Currency pairs explained
Different types of currency pairs
As you’ve now learnt, the US dollar is by far the most frequently traded currency in the world. As a result most currencies are quoted against US dollar. However, there are several different types of currency pairs used when referring to forex trading, each of which are split into groups depending on the amount of trading activity and liquidity. These are known as majors, minors (or crosses) and last but not least exotic pairs.
Major currency pairs
The most traded currency pairs in the world are called the majors. They are generally the most liquid and attractive to all types of forex traders. The EURUSD is by far the most traded pair, representing close to 30% of all daily forex trades on the entire forex market. Currencies not classed as major currencies, but are normally traded against a major currency are called minor currencies and crosses.
|British pound/US dollar
|United Kingdom/United States
|US dollar/Japanese Yen
|US dollar/Swiss franc
|US dollar/Canadian dollar
|Australian dollar/US dollar
|New Zealand dollar/US dollar
|New Zealand/United States
Minor currency pairs and crosses
Currency pairs that do not contain the US dollar are known as ‘crosses’. A currency pair involving a major non-US dollar currency, would also be known as a ‘minor currency pair’.
The most common crosses are pairs derived from the three major non-US dollar currencies - Euro, Great British Pound and Japanese Yen. For example, pairs that involve the euro are called ‘euro crosses’. Below is a list of euro, pound, yen and other crosses.
Euro (EUR) crosses
Pound (GBP) crosses
|British pound/Australian dollar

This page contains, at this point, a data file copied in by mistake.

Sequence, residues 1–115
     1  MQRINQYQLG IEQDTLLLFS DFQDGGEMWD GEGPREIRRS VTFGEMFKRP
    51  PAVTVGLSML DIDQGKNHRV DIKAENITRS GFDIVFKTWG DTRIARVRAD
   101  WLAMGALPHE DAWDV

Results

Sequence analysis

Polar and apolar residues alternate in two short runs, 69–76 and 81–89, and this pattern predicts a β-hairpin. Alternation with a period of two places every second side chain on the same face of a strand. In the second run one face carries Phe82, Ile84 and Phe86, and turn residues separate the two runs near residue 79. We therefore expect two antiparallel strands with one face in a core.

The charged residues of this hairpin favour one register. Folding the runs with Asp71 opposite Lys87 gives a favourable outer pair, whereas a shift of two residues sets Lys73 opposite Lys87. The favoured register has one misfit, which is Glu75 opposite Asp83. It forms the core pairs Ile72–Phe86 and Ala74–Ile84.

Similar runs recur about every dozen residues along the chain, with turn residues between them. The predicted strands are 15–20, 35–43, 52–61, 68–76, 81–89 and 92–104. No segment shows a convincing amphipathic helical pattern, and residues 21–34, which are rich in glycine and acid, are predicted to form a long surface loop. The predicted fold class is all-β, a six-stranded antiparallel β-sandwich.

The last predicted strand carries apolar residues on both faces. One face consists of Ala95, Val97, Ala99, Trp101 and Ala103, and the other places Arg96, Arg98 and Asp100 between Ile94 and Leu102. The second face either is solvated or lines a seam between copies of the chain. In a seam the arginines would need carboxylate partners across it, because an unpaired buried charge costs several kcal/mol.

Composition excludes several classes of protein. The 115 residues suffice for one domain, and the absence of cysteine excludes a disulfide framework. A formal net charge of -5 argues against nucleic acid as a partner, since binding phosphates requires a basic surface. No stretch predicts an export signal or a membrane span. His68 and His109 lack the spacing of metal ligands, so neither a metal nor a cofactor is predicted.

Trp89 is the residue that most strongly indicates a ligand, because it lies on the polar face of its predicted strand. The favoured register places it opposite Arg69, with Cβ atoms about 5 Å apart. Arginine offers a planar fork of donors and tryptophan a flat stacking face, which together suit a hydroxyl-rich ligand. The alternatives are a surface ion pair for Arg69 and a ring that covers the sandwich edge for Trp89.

|British pound/Canadian dollar
|British pound/Swiss franc
|British pound/New Zealand dollar
Yen (JPY) crosses
|British pound/Japanese yen
|Swiss franc/Japanese yen
|Canadian dollar/Japanese yen
|Australian dollar/Japanese yen
|New Zealand dollar/Japanese yen
|Australian dollar/Canadian dollar
|Australian dollar/New Zealand dollar
|Australian dollar/Swiss franc
|Canadian dollar/Swiss franc
|New Zealand dollar/Canadian dollar
|New Zealand dollar/Swiss franc
Exotic currency pairs
Trading exotic pairs offers you exposure to a wide range of developing and emerging market economies across Asia, the Middle East and Africa. In general, exotic pairs are not traded as often as majors or crosses, which in turn means they are not very liquid markets and lack consistent market activity.
There are often pros and cons associated with trading exotic currency pairs. Because they are not so widely traded, they can often be subject to higher trading fees, however when the market moves they can be subject to some wild price fluctuations (suitable for the more experienced trader). Below is a list of some of the main currency pairs referred to when talking about exotic pairs.
|US dollar/Swedish krona
|US dollar/Norwegian krone
|US dollar/Turkish lira
|US dollar/Mexican peso
|US dollar/South African rand
|United States/South Africa
|US dollar/Polish zloty
|US dollar/Singapore dollar
In forex, many currency pairs (especially the majors) have particular nicknames which are commonly used in the market. Many even have an interesting story as to why they were even nicknamed that in the first place. For example, the FX pair GBPUSD is also known as ‘cable’. This dates back to the 19th century, when a communications cable ran across the Atlantic Ocean floor to get the exchange rate between the US dollar and the British pound.
In some cases, the currency by itself is known by a different name. For example, the US dollar is often referred to as the ‘greenback’, while you may hear the British pound referred to as ‘sterling’. Below are a list of the most popular currency pair nicknames.
GBPUSD → Cable
EURUSD → Fiber
EURGBP → Chunnel
USDCAD → Loonie
AUDUSD → Aussie
NZDUSD → Kiwi
GBPJPY → Guppy
EURJPY → Yuppy
USDCHF → Swissy
Currencies are often abbreviated to a three-letter currency codes. The first two letters symbolise the name of the country, while the third is the country’s currency. Let’s look at a few examples…
GBP → ‘GB’ stands for Great Britain, while the ‘P’ stands for Pound
USD → ‘US’ stands for United States, the ‘D’ stands for Dollar
JPY → ‘JP’ stands for Japan, the ‘Y’ stands for Yen
In trading you will hear a lot about 'pips' and 'spreads'. Learn about pips in forex, and how different factors can influence spreads.
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